From September 3 to April 30 WAM’s Target Studio for Creative Collaboration will be filled with a menagerie of quirky, quasi-human figures. Created by New York-based artist Melissa Stern, these figures teeter between funny and serious, and familiar and strange. Taking the forms of sculptures and drawings, they lack limbs or boast disproportionate and unlikely parts, sharing a sense of being slightly off-kilter.
They look like they could, even should, fall down, but don’t, and are thereby suggestive of life’s balancing acts. Like all balancing acts, Stern’s figures can inspire amusement and delight, while all touching a tender nerve. Stern explains her figures are inspired by the “universe of people” who inhabit her brain, and they emerged in response to “how absurd the world seems sometimes.” As emotionally resonant and endearingly imperfect as they may be, viewers still often wonder: what do they mean?
Rather than resolve this question, Stern turns it back to the viewer: what do you think they mean? In this move, she notes she sounds a bit like a therapist, using questions to draw out stories, memories, and intimate thoughts. And this reference to psychology is not a one-off: The Talking Cure takes its name from Sigmund Freud’s therapeutic methods and theories known as psychoanalysis.
Stern is not a devotee of psychoanalysis, but she is interested in creating art that resonates with viewers, triggers their emotions and memories, and draws out their personal stories and reflections. She also embraces the difficult process of letting go (be it of “emotional baggage” or things we can’t control). She “let go” of her artwork by inviting twelve writers to pick a sculpture in The Talking Cure that “spoke” to them and then write a monologue giving voice to that sculpture.
The writers brought a wide range of perspectives to her work. Yet they each have sensitivity to the fact that in these sculptures Stern captures those “fleeting, fugitive emotions” we often want to damp down. Stern requested the writers “let go” of their monologues by giving them to twelve actors who then performed them without directional cues. Recordings of these performances accompany the sculptures on view.
It was Stern’s background in anthropology and the anthropological question of why people make things that initially drew her to art. As a professional artist, she has maintained a transdisciplinary perspective that has inspired her to explore the boundaries between visual, literary, and theatrical forms.
We hope the sculptures will “speak” to you, and the exhibition will be a platform for you to share your story, while reflecting on the power of stories to inform who we are and how we treat one another. The exhibition’s workshop space, furnished by BluDot, was designed to help facilitate this process. The space includes a couch and comfortable furnishings, along with a library of exhibition-inspired books, selected by WAM staff and the museum’s student advisory group, the WAM Collective. Among the materials available, check out the Collective’s WAM Wellness Toolkit, a multimedia compilation of wellness-related ideas and resources.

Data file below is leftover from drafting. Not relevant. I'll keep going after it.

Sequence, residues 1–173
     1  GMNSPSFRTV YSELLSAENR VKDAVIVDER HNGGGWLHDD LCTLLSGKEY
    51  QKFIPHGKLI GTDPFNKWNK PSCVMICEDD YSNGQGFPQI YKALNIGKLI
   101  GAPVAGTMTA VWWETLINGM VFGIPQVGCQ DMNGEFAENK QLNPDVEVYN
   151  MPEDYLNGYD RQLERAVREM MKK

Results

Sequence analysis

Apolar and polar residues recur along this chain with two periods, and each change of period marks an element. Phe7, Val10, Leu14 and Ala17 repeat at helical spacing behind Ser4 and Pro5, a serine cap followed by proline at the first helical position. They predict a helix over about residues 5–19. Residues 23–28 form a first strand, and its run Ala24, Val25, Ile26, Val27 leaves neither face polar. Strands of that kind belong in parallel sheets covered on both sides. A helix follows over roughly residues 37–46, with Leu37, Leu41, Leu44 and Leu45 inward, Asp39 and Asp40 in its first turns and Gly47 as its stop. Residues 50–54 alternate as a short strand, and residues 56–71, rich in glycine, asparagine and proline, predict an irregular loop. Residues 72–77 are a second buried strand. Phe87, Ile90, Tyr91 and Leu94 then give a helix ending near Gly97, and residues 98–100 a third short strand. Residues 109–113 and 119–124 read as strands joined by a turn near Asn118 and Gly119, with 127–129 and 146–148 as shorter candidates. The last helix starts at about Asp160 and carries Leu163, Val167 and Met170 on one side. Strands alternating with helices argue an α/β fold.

Also featured is a participatory installation by Rebecca Krinke, a visual artist, UMN faculty member, and Target Studio artist-in-residence in association with the exhibition. As part of her residency, she created a sculptural object that invites visitors to respond to The Talking Cure by articulating what “needs to be said.” Made of charred cedar, What Needs to Be Said? serves to house viewer-generated responses. Private reflections can be placed into a glass vessel, visible but inaccessible, on one side of the object. These will be collected and burned, without reading, at a public event to be held on April 26, 2017. Participants who wish to make their reflections public can pin them to the wall on the other side of the object.
In her piece, Krinke juxtaposes what we share with what we keep private, while providing a compelling physical setting for all voices from the community to explore the cathartic possibilities of “speaking up.” It emerged, she said, in response to “a tremendous need for new places and objects to address our emotional lives.” In its creation, Krinke has been supported by her research/studio assistants, Alexandra Olson and Piero Protti, and by Kevin Groenke, Peter Zell, and Michael Boyd.
Select the sculpture that speaks to you, imagine your own monologue, read, write, reflect, convene, converse. No matter how you participate, The Talking Cure is an evolving platform, and you play a vital part in its development.
Credit: Exhibition overview from museum website.